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Extreme Weather Expected After Historically Wet 2019

Flooding of a section of runway at Offutt Air Force Base caused planes and munitions to be moved to higher ground. (USAF)
Flooding of a section of runway at Offutt Air Force Base caused planes and munitions to be moved to higher ground. (USAF)
January 2, 2020

LINCOLN, Neb. - Nebraska farmers will not be surprised to hear that 2019 was one of the wettest on record, and Karin Gleason, a climate scientist with the National Oceanic and Atmospheric Administration, said all data indicate that extreme weather events such as last year's floods, along with periods of prolonged drought, are here to stay.

"There are certainly going to be costs associated with losses, or anticipated losses," she said. "There were some crops that didn't get planted until June. You have a shorter growing season that can put you at risk in the fall for early frosts or freezes."

Last year's flooding in Nebraska, which could be seen from space, resulted in damage costing more than $1.3 billion. In just the past 10 years, major flooding in the United States resulted in losses of at least $40 billion.

Gleason said extreme precipitation events are becoming heavier and more frequent. As global temperatures rise, she said, more water evaporates from the land and oceans, leading to stronger downpours which increase the likelihood of flooding.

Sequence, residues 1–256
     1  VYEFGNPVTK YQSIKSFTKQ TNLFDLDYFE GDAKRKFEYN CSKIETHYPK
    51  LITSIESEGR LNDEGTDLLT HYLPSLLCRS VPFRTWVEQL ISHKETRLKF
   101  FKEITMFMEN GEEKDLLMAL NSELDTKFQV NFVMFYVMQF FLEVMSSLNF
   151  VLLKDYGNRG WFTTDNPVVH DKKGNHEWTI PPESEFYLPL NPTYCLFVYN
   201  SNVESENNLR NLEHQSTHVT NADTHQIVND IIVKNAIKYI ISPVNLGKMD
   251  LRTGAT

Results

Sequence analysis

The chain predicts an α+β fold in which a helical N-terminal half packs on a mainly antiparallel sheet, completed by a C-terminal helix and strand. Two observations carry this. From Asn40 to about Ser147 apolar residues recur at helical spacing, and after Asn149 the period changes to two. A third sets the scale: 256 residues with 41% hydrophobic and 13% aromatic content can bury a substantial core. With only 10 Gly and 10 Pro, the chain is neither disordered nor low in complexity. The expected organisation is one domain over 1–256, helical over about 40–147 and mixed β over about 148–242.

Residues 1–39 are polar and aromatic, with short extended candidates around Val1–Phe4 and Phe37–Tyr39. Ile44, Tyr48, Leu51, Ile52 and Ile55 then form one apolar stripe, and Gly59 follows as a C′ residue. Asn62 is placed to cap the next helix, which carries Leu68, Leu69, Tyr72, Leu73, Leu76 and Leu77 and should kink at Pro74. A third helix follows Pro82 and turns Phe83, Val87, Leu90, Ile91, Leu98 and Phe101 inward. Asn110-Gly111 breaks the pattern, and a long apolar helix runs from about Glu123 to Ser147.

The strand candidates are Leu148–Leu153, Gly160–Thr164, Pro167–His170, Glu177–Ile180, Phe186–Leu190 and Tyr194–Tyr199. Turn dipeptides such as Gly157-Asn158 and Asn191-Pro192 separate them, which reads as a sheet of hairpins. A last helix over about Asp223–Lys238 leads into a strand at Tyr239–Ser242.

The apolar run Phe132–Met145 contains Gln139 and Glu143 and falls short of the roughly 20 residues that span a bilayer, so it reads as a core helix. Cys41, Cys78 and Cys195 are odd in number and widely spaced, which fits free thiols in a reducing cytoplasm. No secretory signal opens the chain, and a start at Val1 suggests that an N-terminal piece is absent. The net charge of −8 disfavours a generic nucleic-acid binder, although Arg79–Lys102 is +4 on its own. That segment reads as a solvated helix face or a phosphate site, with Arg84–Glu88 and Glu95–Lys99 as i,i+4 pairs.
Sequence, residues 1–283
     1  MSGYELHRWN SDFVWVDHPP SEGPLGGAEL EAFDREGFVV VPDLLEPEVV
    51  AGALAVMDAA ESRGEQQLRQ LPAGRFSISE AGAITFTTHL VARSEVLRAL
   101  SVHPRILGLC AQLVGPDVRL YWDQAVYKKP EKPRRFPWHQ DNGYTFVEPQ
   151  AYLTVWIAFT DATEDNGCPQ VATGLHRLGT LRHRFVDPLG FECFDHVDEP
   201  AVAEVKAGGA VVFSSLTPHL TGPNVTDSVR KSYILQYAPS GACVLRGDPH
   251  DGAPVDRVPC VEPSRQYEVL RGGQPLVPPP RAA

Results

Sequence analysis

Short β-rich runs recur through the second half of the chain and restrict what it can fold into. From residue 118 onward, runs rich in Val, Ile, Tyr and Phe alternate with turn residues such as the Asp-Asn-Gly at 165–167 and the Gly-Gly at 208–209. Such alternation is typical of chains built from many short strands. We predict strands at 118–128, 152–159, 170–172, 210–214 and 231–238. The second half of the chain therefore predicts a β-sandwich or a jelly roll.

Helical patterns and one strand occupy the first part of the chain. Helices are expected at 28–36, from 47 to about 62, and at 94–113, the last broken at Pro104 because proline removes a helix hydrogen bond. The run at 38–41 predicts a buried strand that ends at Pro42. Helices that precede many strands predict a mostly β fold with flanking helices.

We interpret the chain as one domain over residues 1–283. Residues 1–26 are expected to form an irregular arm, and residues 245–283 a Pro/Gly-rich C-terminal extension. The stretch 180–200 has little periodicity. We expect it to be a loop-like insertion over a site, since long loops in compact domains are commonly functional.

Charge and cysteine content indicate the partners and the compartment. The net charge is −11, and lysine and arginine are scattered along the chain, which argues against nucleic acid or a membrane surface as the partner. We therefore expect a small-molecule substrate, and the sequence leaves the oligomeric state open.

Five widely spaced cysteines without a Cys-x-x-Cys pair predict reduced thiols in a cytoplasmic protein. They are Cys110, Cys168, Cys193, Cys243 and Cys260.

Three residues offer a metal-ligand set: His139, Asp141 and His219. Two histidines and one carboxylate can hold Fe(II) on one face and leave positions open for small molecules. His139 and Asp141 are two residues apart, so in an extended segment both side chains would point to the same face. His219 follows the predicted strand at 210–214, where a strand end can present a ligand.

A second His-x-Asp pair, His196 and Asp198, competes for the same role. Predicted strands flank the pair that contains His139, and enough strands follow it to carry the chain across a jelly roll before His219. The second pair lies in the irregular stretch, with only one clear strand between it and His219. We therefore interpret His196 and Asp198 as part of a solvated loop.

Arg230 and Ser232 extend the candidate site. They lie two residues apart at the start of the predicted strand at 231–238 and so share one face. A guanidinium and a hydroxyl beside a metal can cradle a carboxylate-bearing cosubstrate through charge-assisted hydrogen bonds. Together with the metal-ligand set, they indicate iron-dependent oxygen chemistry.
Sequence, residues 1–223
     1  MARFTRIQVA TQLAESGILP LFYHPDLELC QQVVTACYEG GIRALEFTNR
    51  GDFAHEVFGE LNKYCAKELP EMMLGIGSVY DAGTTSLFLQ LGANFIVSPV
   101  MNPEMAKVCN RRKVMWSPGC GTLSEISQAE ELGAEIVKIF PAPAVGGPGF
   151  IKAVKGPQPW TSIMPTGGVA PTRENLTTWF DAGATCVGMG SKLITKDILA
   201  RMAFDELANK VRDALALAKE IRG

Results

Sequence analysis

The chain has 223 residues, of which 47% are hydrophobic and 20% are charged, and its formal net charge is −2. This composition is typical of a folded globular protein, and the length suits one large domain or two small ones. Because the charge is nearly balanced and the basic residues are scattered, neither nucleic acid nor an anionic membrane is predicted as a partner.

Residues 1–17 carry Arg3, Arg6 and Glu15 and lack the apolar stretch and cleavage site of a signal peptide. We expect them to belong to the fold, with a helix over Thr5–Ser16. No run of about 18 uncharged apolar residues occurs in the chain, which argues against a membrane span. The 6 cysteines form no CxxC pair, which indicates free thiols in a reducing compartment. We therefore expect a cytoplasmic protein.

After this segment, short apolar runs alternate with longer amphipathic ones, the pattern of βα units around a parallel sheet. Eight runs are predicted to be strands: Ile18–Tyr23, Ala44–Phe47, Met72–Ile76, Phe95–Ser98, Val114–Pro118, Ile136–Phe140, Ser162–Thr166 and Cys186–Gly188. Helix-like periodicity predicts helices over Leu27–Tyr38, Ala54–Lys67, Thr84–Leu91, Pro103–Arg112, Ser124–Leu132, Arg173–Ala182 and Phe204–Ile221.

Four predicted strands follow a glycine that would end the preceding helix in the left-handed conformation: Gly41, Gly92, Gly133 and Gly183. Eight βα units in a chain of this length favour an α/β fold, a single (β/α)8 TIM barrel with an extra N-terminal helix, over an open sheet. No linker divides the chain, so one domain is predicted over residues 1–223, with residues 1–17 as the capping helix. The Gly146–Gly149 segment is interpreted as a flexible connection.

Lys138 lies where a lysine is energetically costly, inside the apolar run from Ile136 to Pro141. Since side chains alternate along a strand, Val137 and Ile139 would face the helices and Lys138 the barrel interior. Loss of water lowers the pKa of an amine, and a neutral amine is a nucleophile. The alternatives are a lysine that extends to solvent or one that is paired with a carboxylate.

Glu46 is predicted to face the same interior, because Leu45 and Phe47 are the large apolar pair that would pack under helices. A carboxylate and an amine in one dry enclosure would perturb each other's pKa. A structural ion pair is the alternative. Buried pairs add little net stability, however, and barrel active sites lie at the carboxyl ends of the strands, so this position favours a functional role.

Gleason and her colleagues at NOAA are monitoring changes in weather patterns and are making their data available for farmers. She said looking back at historical rainfall averages, days of drought and how those averages are changing can help farmers adjust their strategies and adapt, "and to understand, 'Do I need to anticipate in the future changing up my practices? Do I want to pick a different kind of crop? Will that yield a better harvest? Will that yield a better bottom line?' "

Both the Platte and Missouri rivers far exceeded their banks in 2019. The end of a runway at Offutt Air Force Base was under water, and the Omaha National Weather Service had to move to higher ground.

Gleason said the easiest way to tap NOAA's climate data is through its interactive tool, Climate at a Glance, which can be found online at

Eric Galatas, Public News Service - NE